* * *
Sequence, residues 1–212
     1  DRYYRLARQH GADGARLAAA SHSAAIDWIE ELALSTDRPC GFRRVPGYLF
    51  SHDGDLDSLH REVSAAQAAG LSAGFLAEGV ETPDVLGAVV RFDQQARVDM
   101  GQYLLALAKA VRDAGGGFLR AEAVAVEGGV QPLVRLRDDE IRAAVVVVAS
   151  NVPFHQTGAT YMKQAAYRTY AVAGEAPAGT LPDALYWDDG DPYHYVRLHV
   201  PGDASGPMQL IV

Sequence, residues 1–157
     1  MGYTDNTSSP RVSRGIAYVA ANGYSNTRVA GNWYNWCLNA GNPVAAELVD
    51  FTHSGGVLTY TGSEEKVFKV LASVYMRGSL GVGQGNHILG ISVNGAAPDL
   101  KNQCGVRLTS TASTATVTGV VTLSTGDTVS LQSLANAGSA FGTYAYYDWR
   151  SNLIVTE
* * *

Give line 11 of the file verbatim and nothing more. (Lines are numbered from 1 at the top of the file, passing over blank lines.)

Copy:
   151  SNLIVTE